It has been my experience that egos are prevalent among business leaders, myself included. They are what catapulted us into the corporate arena and made us want to lead successful companies.
“The ego can be your greatest asset or your biggest liability.”
The word “ego” has a bad reputation. But having a healthy ego is not bad unless it ventures to the dark side of arrogance, self-interest, and stubbornness. That is when it becomes one of the biggest barriers to people working together effectively. When someone in a leadership position has an inflated ego it impacts every facet of a company from employee morale and turnover to client relations and profits.
What makes an ego an asset versus a liability?
People who have a healthy ego have an others-first mentality. They show up to work wanting to serve others rather than wanting to be served. Their focus is on creating, building, and maintaining strong professional relationships. They are driven to exceed expectations in their attempt to establish credibility and build trust.
People with unhealthy egos have a distorted image of their own importance. They are unable to learn from their mistakes and they become defensive. Putting up a defensive wall makes it difficult to appreciate the valuable lessons that come with failure.
In a leadership role, people with unhealthy egos are full of pride and dominance. They like to take credit for their team’s success but lay blame on the team for failures. This behavior creates a toxic work environment where the team subconsciously desires to see their boss fail and will even go as far as to sabotage operations rather than see him be successful.
If there is anything worse than an oversized ego in a business is when you have two dueling egos. When this happens, each person subconsciously wants the other to fail. They become completely oblivious to the damage they are doing to the team as they make attempts to outdo one another. As they fail, so does their team.
I like to compare unhealthy egos to the old saying about a bull in a China shop. When facing a difficult situation, the egocentric person finds himself out of place, then overreacts to lay the blame for problems or situations on others, which damages everything around them.
When you have two bulls in a China shop, they will not only ruin all the China, but they will also fight one another, sometimes to the death. Unless the bulls are removed, more and more China will be broken until the shop is destroyed.
How can you tame unhealthy egos?
Managers, myself included, can take steps to calm unhealthy egos and restore harmony.
Establish Trust: Trust starts at the top and filters down through the organization. To receive trust, you must first give trust. It is an act of good faith. If you do not trust other people, that is a strong indicator that you cannot be trusted yourself. A lack of trust stifles innovation because your team does not feel comfortable sharing ideas. Likewise, a lack of trust destroys teamwork and encourages cliques where complaints fester and turnover rates soar.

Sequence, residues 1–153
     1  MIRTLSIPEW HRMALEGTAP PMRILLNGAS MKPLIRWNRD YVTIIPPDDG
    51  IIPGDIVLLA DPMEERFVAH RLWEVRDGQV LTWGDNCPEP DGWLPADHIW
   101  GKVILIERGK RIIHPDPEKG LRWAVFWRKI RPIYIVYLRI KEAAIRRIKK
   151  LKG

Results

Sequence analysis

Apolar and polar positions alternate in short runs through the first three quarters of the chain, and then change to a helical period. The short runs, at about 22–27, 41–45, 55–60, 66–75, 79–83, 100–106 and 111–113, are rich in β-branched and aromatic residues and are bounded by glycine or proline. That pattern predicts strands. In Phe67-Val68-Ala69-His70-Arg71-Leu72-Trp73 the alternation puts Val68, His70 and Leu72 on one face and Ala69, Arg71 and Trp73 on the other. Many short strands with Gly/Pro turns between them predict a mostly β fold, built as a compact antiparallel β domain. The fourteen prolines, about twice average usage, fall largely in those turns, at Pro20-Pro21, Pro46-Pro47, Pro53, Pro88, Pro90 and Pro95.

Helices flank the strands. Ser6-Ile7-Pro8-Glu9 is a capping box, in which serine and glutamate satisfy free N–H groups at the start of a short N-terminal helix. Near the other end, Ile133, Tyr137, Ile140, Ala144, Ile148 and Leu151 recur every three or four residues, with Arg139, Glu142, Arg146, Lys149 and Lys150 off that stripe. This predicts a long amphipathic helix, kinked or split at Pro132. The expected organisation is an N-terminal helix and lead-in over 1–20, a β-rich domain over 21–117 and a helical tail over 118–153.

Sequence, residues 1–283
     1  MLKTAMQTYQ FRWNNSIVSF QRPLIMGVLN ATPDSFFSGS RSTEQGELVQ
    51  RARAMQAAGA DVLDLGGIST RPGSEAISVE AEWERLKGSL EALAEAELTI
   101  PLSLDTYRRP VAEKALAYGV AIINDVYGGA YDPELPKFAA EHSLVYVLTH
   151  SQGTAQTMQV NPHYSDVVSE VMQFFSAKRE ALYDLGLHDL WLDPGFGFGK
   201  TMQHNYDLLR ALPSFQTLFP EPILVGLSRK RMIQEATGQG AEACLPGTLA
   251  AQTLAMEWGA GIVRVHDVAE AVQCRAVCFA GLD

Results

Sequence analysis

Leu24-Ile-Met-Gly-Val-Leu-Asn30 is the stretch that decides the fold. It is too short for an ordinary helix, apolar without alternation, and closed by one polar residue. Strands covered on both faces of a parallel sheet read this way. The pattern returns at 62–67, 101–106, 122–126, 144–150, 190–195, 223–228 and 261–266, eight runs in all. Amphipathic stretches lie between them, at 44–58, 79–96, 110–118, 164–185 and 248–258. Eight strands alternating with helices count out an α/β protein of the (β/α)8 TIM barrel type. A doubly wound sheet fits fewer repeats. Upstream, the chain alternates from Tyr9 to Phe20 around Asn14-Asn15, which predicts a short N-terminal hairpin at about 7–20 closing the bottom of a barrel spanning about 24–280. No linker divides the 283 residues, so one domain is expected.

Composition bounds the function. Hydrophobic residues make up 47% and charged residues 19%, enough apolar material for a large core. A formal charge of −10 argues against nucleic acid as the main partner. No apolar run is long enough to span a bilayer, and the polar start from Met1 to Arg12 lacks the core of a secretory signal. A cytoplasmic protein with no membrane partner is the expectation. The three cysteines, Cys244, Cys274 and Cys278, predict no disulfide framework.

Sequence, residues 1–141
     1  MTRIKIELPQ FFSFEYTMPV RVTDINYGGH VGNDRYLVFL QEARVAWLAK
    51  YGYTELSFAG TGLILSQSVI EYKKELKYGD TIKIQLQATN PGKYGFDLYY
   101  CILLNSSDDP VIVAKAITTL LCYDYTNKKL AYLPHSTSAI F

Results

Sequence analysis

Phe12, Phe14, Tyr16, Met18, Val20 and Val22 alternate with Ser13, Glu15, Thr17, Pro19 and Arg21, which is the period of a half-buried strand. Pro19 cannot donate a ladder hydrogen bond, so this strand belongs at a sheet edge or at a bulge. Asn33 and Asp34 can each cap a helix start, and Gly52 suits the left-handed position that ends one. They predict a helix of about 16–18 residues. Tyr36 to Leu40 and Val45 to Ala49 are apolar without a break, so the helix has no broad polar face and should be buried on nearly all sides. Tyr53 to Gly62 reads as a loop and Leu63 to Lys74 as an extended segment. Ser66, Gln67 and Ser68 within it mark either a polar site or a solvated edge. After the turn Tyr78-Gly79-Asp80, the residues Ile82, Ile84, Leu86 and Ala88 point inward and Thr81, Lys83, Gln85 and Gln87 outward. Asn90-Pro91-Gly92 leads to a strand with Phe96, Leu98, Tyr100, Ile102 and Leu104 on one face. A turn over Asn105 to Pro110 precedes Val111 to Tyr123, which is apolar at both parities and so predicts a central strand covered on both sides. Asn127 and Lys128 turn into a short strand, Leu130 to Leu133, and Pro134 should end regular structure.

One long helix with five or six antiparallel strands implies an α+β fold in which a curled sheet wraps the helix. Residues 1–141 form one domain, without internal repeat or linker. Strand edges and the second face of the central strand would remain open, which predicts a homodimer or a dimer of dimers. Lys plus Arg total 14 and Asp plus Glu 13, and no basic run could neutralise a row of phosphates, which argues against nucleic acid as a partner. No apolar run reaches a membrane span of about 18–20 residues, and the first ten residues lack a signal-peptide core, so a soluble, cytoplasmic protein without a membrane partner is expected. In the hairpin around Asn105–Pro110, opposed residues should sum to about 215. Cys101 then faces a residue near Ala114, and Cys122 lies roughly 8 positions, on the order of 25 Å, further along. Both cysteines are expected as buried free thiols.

When it comes to this issue, I have made my life simple. I only do business with people I can totally trust.
Communicate Effectively: To feel engaged and adequately perform their jobs, employees need and desire to be informed. When leaders are not openly communicating, their team predicts the worst. This creates unnecessary fear, anxiety, and stress. Effective communication not only eliminates these issues, but it builds loyalty. Release people who undermine open communication and refuse to change, even if they are leaders.
Display Humility: When there is a conflict among leaders because they are focused on their own personal accolades, it is time to get pride in check before it destroys the business.
In his book, “The 5 Levels of Leadership: Proven Steps to Maximize Your Potential,” John Maxwell said, “Good leadership isn’t about advancing yourself. It’s about advancing your team.” Managers, that means there is no place for your unhealthy ego. Leave it at the door.
Be Transparent About Your Weaknesses: People admire you for your strengths, but they connect with you through your weaknesses. In life and business, perfection is not necessary. Those around you prefer you know we are all equally flawed.
Make the Right Decisions: You can never go wrong by doing the right thing. As a leader, when I am making a decision, I like to take a step back and ask myself, “What’s the right thing to do here?” Sometimes I do not necessarily like the answer, but as long as my decision prioritizes my team before my own personal benefit, then I know they I have made the right choice.
There will always be conflict in any organization; it is a given. What is avoidable are ego conflicts. There is no place in any company for those who prioritize recognition, titles, power, and validation above all else and at the expense of others. Put your team before yourself so your ego can be an asset instead of a liability.